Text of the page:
No study to date has compared lithium and lamotrigine as maintenance mood stabilizers for bipolar II disorder. The aim of this study was to evaluate and compare these two medications in terms of their maintenance efficacy and side effect profile, thus evaluating their comparative cost/benefit profile.
Forty-four subjects with a newly diagnosed bipolar II disorder were randomly assigned to receive either lithium or lamotrigine treatment in a 20-week single-blinded study. Subjects received either slow-release lithium progressively up-titrated to achieve a serum level of 0.8 mEq/L, or lamotrigine increased progressively to a maintenance dose of 200 mg/d. Our primary outcome measure examined daily data on hypomanic and depressive symptoms. Secondary measures evaluated hypomanic and depressive symptom severity, global functioning, and global improvement in hypomanic and depressive symptoms.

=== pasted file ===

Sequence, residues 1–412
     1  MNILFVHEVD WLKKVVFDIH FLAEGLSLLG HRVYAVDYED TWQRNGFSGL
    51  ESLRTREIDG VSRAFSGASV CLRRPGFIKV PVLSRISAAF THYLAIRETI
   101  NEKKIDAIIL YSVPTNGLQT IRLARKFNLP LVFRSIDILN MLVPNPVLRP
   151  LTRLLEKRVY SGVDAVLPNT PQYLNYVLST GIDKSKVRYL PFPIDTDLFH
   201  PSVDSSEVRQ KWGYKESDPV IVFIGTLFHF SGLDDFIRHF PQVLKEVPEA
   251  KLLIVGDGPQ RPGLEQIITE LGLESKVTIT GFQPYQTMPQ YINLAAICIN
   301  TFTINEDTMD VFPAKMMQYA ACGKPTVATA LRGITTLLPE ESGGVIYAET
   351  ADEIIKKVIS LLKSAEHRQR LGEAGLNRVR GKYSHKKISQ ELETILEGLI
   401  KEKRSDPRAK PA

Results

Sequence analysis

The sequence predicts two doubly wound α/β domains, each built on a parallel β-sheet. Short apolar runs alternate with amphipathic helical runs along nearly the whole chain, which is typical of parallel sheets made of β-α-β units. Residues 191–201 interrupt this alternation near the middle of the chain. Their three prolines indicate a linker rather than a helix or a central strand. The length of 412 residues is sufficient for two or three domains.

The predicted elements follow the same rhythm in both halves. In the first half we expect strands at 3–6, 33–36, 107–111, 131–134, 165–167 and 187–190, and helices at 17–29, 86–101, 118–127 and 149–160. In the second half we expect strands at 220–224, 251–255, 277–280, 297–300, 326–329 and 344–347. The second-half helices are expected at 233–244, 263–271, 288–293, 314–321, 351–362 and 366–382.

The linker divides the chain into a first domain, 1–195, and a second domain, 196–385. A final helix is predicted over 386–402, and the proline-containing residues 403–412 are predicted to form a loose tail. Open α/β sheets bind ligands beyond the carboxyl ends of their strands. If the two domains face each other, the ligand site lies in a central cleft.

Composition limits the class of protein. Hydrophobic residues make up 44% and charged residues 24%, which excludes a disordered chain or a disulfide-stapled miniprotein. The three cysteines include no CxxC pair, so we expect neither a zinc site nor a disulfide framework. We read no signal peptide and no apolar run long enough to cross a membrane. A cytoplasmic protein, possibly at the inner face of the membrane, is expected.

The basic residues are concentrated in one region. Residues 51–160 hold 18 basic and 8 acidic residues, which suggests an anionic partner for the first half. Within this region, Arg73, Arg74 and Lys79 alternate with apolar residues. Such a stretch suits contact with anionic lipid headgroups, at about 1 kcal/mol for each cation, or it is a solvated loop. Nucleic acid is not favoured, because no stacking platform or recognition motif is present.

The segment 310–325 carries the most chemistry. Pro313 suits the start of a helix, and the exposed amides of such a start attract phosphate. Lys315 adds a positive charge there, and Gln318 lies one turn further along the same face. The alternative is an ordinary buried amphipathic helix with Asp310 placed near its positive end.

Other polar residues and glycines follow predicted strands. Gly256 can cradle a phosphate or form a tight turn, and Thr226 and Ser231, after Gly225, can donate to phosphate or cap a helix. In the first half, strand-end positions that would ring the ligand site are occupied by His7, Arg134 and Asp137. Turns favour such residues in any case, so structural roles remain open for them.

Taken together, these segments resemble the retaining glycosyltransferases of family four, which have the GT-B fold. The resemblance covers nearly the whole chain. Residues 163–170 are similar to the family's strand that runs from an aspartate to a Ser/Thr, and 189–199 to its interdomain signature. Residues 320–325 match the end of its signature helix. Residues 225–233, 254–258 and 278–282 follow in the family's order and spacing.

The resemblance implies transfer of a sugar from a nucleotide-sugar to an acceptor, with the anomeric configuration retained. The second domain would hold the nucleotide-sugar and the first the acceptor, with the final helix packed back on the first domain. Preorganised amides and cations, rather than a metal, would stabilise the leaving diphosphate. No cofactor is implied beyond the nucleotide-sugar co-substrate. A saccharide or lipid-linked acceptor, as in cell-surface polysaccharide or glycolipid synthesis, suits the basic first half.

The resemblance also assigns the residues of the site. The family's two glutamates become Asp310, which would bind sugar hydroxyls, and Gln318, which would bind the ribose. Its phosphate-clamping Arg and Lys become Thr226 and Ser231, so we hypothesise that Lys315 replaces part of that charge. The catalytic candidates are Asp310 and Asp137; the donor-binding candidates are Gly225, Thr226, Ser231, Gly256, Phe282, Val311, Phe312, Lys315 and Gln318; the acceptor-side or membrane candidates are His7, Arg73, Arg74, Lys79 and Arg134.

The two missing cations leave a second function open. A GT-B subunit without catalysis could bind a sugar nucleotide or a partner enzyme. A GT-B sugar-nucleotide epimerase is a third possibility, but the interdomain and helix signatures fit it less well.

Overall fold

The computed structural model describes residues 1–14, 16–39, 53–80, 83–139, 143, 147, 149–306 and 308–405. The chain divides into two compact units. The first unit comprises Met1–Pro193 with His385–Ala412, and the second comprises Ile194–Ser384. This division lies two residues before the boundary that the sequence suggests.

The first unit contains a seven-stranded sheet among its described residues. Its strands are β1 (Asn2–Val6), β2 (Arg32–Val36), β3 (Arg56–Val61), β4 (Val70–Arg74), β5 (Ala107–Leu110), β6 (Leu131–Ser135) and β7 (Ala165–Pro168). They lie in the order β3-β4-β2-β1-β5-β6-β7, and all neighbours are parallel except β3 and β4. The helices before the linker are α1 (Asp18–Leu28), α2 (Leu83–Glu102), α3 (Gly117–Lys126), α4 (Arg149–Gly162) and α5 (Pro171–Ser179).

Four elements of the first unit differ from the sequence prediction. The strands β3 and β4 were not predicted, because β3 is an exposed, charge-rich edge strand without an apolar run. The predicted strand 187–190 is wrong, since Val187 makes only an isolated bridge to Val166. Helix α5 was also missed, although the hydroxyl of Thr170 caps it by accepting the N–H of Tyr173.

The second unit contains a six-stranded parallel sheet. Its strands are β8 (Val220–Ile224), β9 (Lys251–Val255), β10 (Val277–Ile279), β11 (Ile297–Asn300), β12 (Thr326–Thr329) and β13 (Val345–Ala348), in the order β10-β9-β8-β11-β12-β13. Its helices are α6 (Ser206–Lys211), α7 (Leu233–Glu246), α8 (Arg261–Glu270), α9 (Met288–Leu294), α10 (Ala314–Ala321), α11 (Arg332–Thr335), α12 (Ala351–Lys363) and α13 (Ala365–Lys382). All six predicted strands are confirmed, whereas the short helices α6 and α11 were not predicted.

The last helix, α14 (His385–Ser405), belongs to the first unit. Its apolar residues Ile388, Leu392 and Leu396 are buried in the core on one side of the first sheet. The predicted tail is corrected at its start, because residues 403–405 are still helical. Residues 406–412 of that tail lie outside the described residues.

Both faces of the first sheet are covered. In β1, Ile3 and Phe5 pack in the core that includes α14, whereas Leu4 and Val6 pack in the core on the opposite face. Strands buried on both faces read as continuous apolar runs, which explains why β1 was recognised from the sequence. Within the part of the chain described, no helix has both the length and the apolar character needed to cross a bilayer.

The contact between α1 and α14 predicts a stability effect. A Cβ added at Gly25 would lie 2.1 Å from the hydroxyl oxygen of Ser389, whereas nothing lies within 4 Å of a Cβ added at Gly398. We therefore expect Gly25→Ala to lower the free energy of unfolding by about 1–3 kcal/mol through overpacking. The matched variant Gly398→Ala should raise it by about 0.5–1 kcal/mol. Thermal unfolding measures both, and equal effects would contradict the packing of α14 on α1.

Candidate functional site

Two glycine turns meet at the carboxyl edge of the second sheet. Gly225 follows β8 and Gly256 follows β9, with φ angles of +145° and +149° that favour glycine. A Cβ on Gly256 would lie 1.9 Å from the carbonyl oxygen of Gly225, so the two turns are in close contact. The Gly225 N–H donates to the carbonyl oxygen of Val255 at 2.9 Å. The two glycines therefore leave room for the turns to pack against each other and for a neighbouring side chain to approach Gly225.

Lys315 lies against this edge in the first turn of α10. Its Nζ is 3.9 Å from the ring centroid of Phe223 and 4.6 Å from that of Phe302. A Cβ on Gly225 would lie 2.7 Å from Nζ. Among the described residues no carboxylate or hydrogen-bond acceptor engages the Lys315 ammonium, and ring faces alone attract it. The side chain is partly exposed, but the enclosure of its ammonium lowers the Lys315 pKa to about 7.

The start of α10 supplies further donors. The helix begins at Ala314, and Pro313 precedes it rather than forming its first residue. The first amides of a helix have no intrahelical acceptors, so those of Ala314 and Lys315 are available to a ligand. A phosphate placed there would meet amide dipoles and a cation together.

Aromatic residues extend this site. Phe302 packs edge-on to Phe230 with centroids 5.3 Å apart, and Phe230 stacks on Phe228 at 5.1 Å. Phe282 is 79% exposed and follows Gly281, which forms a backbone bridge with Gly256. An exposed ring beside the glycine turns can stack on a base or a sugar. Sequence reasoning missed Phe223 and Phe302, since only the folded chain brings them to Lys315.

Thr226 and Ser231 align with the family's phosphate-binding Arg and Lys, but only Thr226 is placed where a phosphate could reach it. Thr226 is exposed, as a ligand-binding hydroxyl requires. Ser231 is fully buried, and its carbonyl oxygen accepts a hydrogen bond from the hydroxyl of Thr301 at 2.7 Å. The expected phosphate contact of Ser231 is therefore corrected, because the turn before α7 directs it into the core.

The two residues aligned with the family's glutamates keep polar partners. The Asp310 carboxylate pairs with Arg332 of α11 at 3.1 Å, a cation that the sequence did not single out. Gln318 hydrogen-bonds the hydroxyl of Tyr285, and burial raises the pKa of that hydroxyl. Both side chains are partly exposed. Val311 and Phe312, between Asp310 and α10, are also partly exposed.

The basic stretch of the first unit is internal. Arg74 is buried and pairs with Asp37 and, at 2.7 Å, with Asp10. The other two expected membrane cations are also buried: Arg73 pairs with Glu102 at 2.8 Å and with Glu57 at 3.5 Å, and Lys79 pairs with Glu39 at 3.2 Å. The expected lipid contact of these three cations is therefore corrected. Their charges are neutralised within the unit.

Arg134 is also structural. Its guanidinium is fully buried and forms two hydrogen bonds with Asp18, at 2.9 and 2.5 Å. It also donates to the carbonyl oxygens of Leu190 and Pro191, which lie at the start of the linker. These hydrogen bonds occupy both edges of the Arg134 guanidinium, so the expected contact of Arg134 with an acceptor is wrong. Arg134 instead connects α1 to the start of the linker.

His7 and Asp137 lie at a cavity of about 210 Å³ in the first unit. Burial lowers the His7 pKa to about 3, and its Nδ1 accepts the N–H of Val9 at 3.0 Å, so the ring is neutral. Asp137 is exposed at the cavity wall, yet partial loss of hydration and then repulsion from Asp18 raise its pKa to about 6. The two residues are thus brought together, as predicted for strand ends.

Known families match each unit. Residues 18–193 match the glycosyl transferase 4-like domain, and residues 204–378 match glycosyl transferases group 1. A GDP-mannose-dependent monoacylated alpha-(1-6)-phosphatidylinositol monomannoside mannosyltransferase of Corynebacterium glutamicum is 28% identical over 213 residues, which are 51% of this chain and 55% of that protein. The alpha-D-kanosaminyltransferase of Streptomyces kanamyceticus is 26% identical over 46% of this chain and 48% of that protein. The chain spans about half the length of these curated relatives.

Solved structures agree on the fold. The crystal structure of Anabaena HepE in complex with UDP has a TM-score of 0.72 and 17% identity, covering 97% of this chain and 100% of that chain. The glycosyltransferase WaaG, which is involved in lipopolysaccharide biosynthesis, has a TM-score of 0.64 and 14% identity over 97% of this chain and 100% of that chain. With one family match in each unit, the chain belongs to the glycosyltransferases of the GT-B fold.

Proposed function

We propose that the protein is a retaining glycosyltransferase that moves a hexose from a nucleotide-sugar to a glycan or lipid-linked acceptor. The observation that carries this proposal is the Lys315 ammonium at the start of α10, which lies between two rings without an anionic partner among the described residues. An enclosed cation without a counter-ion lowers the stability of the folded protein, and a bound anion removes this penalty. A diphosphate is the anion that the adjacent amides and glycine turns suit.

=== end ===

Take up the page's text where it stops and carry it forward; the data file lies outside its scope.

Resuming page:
We terminated the trial principally because of severe ongoing side effects experienced by many of those receiving lithium, and with additional concerns about initial severe side effects (including psychosis) experienced by several assigned to lamotrigine. Analyses of study completer data for 28 participants suggested comparable efficacy of both medications; however, lamotrigine had a distinctly lower rate of severe side effects across the study. We calculated that if study trends on outcome measures were valid, then an extremely large sample would be required to demonstrate superiority of either drug, thus making it unlikely that any such adequately powered study will be mounted in the future.
The small sample size limits any definitive conclusions, but our data suggest that lithium and lamotrigine are likely to have equal efficacy as mood stabilizers for those with a bipolar II condition but that, as maintenance treatments, lithium has more distinctive side effects.